So what do we make of all of this? In a macroeconomic sense it all points toward energy price swings having less of an impact on growth and consumer spending then we previously thought. The economic growth seen in industries and sectors that aren’t energy intensive is a big factor, as is the fact that Oregon households spend significantly less on energy and automobiles than their national counterparts. In earlier work, Joe Cortright at City Observatory calls this the “green dividend.” And if you add up the statewide spending patterns, adjust for Oregon’s larger decline in energy and auto spending, this green dividend is a big number. Against a counterfactual where our spending patterns didn’t diverge from the US in recent decades, Oregonians today spend approximately $2 billion less on energy and automobiles. Now we turn around and spend a larger portion and higher amounts on other products and services, housing included. But our patterns do differ than the nation’s, and we have seen a big shift over time.

Posted by: Josh Lehner | November 2, 2018

Portland’s Economic and Housing Outlook

This morning I am presenting at the Home Builders Association of Metropolitan Portland’s annual forecast breakfast. It’s been a few years since I’ve been able to attend again, so we have lots of topics to catch up on! The National Association of Home Builders’ chief economist, Robert Dietz, will also be presenting. I am looking forward to hearing his thoughts on the market and what is happening elsewhere around the country. A few of my remarks and a copy of my slides are below.

It’s a bit of a strange time right now as the housing market rebalances. The near-term data shows new construction activity and home sales flattening out both nationwide and in the Portland area. Households budgets for those looking to buy are getting maxed out now that interest rates are rising, and the carrying cost of a mortgage is increasing more than just due to rising prices. So what is the outlook?

From a fundamentals perspective, the housing outlook remains bright. The demographics already baked into the cake, plus ongoing migration means a growing and thriving region like Portland needs to continue to add new housing supply of all types. Yes, the top end of the apartment market is saturated. This has some spillover impacts on homeowners or at least those on the cusp or buying or renting given rents are softening. But this is a near-term, or temporary imbalance. If the population forecasts are reasonably correct, the region needs to continue to build approximately the same number of units each year in the coming decade.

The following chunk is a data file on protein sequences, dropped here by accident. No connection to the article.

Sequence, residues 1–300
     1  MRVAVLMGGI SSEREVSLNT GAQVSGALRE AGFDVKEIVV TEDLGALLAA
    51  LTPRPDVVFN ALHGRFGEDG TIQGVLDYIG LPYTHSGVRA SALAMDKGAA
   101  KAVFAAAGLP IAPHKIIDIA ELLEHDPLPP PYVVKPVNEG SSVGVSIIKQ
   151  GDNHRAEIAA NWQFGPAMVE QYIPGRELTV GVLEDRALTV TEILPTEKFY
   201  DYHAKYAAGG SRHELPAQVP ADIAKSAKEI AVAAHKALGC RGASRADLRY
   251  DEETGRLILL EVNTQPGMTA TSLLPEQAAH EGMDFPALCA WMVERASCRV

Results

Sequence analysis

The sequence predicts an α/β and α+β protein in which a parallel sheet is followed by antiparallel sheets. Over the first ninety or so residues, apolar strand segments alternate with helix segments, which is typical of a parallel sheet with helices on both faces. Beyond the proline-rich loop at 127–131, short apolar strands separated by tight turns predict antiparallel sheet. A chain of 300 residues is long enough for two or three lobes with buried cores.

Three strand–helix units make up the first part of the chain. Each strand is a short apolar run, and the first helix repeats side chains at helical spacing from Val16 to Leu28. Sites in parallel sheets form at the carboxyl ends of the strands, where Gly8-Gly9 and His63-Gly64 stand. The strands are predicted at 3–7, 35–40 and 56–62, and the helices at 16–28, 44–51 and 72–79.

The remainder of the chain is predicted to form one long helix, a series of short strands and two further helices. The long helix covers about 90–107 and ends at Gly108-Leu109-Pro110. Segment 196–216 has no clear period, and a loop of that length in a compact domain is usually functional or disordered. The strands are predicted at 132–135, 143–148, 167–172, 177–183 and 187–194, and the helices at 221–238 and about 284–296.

As I discussed earlier this year at the Multifamily NW breakfast, there are at least three main channels in which this underlying forecast will be wrong. I have fleshed those out a bit more for this morning’s presentation. What has been somewhat surprising to me is that even in a moderate recession scenario — THIS IS NOT A RECESSION CALL, JUST A HYPOTHETICAL SCENARIO — the demand for housing in the Portland area will remain pretty strong. This is due to the demographics, where Millennials will fully age into their root-setting, and home-buying years. Household formation should be stronger than underlying population growth for this reason. Additionally, the baseline outlook from today moving forward is relatively weak. The business cycle has matured and population growth rates have peaked. Given the slower baseline, a recession scenario is not quite as big of a deviation compared to if the baseline forecast continued these strong gains every year into the future.

The bottom line here is that our office does not think housing will be the same issue next recession, whenever it comes, as it was last time. Most importantly from an economic perspective is we are not seeing the big run-up in household debt. The high prices are primarily about a relative lack of supply in the face of stronger demand. Furthermore, those strong housing demographics also mean the downside to housing next recession is a bit more limited than before. Now, this does not mean housing starts won’t fall — they will — or that home prices won’t decline — they probably will some. It just means we are highly unlikely to have an exact repeat of the housing collapse and Great Recession.

Posted by: Josh Lehner | October 31, 2018

Bend’s Economic and Housing Outlook